The market for handheld and wireless devices is current a bit of mixed bag. A series of research reports from IDC attempt to gauge where the various markets are, and what may be driving them.
The global handheld market recently reported its third successive quarter of year over year decline. IDC's Worldwide Handheld Qview found shipments decreased 8.7 percent year over year in Q3 20004 to 2.1 million units. The current market leader, palmOne saw its market share decline to 34.7 percent, a 6.9 percent fall. The drop was precipitated by a 20.3 percent sequential decline, making it a 12.7 percent year over year decline. Palm's loss is HP's gain. That company increased its market share by 6.7 percent over the previous quarter.
|Source: IDC, October 27, 2004|
In Western Europe, the mobile device market (which includes PDAs and smartphones) actually grew 38 percent in the most recent quarter. Over 1.8 million units shipped in Q3 2004, up from 1.3 million units in the same period a year ago. In this market, the survey found the standalone PDA market is growing, though only at a meager 4 percent. European drivers appear to be RIM Blackberry sales and Nokia Series 60-smartphones.
The largest reported growth in Western Europe is for converged devices, which led mobile device shipments with a robust 60 percent year over year growth.
|IDC Western European Mobile
Device Shipments, 3Q04
|Total mobile devices||1,846,090||100%||1,335,485||100%||38%|
|Source: Source: IDC, 2004|
In another study, IDC found the "early majority" adopters of mobile devices aren't interested in the same features that drove early adopters of the technology. A survey of 1,800 early majority adopters found 25 percent of respondents utilized WiFi hotspot access at least 10 times in the past 12 months.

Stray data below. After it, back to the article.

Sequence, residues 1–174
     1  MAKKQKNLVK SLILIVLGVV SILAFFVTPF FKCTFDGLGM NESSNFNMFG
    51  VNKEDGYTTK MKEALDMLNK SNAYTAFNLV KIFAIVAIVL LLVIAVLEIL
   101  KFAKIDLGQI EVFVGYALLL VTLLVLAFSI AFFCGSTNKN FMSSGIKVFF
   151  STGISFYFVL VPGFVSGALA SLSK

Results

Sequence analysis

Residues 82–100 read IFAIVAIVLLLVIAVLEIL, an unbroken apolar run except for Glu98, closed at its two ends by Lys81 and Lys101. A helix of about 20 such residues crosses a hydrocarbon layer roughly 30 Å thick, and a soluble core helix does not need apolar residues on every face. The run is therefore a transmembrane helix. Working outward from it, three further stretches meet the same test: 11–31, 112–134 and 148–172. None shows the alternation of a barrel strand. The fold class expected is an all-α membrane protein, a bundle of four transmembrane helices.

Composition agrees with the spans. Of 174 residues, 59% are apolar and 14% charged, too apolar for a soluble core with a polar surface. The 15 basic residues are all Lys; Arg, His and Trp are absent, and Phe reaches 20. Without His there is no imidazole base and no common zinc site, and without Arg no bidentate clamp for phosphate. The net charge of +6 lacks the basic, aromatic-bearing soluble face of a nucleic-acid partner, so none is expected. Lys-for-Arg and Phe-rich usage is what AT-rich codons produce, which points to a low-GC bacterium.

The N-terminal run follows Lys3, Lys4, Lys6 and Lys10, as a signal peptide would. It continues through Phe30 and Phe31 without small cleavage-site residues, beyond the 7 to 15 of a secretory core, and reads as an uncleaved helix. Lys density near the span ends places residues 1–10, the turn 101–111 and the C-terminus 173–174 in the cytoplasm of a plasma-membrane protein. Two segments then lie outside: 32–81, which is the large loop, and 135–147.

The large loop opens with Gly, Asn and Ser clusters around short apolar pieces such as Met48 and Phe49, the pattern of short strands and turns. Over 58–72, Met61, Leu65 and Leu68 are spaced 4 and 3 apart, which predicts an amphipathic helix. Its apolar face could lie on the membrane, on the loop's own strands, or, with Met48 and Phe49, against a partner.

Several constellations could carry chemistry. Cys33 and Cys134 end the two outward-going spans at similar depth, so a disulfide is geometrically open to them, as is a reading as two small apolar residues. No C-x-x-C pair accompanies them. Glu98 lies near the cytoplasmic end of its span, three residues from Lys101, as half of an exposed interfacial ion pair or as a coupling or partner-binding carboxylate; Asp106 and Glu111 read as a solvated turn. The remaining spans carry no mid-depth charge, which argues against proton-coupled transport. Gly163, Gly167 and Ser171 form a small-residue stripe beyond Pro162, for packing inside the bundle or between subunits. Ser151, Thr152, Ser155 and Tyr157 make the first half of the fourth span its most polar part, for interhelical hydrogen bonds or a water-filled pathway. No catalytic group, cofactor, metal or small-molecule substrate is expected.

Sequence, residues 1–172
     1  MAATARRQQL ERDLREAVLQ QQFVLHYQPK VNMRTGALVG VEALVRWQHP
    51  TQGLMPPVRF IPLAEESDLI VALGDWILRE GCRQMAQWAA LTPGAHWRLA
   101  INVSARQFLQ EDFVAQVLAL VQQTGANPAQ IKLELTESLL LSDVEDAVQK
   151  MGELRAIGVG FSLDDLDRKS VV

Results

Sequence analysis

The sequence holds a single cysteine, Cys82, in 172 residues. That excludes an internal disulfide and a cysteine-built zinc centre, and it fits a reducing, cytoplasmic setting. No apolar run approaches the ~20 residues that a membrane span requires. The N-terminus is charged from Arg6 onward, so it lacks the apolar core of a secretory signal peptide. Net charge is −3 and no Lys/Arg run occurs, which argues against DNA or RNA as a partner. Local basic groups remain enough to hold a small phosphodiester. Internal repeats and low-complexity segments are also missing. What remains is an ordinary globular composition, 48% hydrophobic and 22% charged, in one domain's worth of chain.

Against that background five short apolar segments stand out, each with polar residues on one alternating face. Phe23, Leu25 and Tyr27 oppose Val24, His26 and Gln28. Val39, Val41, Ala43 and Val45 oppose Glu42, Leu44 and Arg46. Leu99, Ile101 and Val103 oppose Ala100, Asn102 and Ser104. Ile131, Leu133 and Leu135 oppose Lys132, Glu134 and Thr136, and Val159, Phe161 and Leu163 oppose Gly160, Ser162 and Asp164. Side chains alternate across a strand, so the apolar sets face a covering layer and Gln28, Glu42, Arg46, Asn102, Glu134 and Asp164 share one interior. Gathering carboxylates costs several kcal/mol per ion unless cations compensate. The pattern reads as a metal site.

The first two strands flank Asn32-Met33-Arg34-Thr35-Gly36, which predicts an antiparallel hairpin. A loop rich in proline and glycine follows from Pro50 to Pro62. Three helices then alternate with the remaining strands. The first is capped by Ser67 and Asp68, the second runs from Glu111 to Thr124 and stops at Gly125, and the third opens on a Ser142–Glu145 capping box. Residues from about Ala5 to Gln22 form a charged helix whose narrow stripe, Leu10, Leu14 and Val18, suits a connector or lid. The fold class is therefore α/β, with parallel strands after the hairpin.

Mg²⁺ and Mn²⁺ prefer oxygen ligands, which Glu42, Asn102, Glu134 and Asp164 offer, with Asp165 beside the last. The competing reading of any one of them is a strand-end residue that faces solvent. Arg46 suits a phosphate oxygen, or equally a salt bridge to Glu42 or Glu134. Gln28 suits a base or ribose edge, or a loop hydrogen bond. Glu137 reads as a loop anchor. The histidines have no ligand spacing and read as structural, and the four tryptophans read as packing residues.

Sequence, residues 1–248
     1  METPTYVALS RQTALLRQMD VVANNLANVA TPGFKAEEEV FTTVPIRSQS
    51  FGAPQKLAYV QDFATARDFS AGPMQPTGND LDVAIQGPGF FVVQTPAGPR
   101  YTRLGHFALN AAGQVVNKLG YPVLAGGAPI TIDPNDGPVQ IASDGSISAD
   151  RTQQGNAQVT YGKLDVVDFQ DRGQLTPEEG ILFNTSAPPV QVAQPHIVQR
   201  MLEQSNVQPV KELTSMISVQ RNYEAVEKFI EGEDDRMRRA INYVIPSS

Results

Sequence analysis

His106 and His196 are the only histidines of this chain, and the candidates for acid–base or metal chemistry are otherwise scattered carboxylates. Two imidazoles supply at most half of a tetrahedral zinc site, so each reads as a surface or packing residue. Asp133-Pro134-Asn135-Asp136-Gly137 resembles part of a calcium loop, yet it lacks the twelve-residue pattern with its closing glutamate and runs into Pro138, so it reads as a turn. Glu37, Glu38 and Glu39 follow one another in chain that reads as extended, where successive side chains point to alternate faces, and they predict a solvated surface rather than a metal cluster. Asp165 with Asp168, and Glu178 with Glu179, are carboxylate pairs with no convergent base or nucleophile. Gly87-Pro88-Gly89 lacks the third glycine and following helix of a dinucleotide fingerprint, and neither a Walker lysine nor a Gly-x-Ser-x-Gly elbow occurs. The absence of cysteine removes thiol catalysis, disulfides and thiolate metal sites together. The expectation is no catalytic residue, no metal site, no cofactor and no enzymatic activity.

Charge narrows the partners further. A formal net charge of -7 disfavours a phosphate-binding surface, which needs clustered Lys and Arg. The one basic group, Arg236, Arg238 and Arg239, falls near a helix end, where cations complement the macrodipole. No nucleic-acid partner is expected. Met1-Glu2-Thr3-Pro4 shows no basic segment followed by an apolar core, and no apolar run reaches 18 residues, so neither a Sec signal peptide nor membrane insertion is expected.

Carrying multiple devices is a commonality among the survey base. Over half carry three mobile devices (mobile phone, PDA and laptop). Almost 66 percent carry both a PDA and a mobile phone. That said, IDC's survey of early majority adopters did see a clear desire expressed by respondents to minimize their device load. Over half indicate a level of interest in acquiring a converged device that would handle the functionality of multiple devices, such as phone, e-mail and PDA, into a single mobile unit.
In IDC's analysis, early adopters are preoccupied with style, status and novelty. The early majority, consumers more comfortable waiting until a technology becomes established before purchasing, is more interested productivity and safety.
"When comparing various mobile phone features, attributes like battery life and screen display quality were rated as more important criteria than factors such as one-handed operation, multimedia capability, and brand," said Dana Thorat, senior research analyst at IDC, in a statement. "Early majority users are more deliberate in their mobility solution decisions, and are clearly focused on proven applications, such as e-mail, that enhance their productivity and add convenience to their lives.